When you and your ex married, you may have started to set money aside and otherwise create retirement plans together. However, your post-work future may look much different if the two of you decide to part ways. Divorce has the potential to devastate your existing retirement plans. This may prove particularly true if you are divorcing later in life, but there are a few things to consider doing that may help minimize the damage.
When you divorce and want to maximize the amount you have tucked away for retirement, consider taking the following steps.
Decide when to claim Social Security benefits
First, determine whether you are eligible for your spouse’s Social Security benefits. If your marriage lasted at least 10 years and you have not remarried, you should be eligible for some of your ex’s benefits.
How much you receive in these benefits depends on when you claim them. Your ex-spouse must be at least 62 before you may do so, and then you must also wait two years after your divorce finalizes before claiming yours. If your situation meets these criteria and you wait until you reach full retirement age to claim benefits, you should receive half of the amount your ex does.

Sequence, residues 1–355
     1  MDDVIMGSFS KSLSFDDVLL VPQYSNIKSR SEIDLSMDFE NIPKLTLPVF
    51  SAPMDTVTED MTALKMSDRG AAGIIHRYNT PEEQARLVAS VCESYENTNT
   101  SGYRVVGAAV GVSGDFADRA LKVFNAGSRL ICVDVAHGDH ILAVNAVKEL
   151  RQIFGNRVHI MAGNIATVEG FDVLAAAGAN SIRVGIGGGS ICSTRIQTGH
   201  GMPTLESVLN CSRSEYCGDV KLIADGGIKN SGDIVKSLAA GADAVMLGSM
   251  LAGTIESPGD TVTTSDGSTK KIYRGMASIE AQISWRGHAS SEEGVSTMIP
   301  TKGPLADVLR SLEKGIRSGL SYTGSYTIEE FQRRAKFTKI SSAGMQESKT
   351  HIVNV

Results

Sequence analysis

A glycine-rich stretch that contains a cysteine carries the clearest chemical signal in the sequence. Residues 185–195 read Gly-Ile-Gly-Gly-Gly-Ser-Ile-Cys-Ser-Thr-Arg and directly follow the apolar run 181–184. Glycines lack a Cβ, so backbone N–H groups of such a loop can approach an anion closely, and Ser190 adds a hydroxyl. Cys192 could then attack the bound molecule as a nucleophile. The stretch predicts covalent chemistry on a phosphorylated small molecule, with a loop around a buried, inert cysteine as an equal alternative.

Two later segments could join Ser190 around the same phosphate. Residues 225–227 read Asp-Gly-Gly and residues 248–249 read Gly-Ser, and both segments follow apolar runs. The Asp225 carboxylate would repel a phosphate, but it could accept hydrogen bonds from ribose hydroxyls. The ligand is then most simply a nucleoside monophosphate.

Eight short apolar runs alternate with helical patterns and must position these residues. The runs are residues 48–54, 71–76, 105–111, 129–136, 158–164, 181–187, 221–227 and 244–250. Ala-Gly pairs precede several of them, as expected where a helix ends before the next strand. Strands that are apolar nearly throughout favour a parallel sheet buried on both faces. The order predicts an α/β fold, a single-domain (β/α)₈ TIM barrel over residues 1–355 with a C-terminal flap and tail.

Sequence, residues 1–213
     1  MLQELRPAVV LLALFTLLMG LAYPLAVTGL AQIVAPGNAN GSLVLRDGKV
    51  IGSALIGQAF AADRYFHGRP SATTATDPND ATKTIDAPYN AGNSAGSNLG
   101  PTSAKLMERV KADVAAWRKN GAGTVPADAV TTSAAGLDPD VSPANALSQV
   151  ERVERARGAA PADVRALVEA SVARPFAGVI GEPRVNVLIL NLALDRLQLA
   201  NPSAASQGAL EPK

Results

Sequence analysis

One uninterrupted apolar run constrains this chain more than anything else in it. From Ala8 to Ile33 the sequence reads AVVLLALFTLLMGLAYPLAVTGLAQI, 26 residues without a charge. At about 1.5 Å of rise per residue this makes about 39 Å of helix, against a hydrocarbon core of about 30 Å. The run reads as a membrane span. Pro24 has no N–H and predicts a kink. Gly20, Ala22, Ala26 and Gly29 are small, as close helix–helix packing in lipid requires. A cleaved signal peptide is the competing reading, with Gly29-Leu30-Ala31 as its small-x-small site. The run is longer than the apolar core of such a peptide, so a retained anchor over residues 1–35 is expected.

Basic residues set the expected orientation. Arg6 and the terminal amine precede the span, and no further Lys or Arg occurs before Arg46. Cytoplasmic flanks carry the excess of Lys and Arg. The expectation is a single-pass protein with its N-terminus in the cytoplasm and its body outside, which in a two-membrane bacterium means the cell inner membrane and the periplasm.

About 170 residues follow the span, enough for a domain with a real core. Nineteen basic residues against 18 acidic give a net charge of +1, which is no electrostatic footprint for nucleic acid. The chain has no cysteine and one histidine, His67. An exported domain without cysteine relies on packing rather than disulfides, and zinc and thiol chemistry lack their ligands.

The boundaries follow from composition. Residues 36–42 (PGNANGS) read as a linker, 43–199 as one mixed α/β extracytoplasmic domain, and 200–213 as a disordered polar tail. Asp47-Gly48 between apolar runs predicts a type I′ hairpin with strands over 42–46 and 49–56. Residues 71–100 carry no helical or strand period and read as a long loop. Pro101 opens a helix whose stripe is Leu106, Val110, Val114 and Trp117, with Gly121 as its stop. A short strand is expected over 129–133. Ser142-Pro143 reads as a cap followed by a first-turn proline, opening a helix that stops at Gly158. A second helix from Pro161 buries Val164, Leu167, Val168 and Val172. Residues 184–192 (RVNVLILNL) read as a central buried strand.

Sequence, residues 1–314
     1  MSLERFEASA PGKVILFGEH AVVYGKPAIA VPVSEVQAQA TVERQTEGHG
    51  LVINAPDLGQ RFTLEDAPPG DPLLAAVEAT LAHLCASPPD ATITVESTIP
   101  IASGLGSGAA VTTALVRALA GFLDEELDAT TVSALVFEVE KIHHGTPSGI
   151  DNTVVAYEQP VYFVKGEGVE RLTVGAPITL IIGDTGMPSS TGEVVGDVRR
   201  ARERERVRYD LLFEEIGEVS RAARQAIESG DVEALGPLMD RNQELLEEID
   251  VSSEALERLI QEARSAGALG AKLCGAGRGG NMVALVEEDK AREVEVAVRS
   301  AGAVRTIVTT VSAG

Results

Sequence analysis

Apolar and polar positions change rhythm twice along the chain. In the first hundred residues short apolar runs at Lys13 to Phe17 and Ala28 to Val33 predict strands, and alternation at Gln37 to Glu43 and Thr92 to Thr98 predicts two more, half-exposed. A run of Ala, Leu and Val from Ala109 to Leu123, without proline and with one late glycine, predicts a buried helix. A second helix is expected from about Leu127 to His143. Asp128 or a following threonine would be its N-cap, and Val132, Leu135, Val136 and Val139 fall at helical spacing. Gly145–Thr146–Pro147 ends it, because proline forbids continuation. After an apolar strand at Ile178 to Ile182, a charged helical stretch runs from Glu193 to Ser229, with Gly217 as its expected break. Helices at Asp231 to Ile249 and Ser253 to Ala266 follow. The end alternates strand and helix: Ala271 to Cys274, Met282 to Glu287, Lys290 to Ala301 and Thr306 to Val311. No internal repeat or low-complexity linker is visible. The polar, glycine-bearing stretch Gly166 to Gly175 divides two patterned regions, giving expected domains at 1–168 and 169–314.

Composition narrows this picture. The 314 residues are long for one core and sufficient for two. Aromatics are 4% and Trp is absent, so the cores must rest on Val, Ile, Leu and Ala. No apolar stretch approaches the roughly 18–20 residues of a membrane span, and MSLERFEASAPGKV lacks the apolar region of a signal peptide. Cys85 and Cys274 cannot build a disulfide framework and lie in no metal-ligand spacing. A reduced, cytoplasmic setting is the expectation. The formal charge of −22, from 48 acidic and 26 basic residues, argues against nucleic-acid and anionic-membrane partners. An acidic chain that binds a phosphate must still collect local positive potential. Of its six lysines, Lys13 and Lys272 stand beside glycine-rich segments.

Secure a Qualified Domestic Relations Order
When your ex has an employer-sponsored retirement plan, you should consider obtaining a Qualified Domestic Relations Order dictating that you should receive some of his or her benefits, even though you are a nonparticipant in the plan. QDROS are sometimes complex, and the wording used in them matters. Thus, it may serve you well to have someone with considerable knowledge in this area assist you.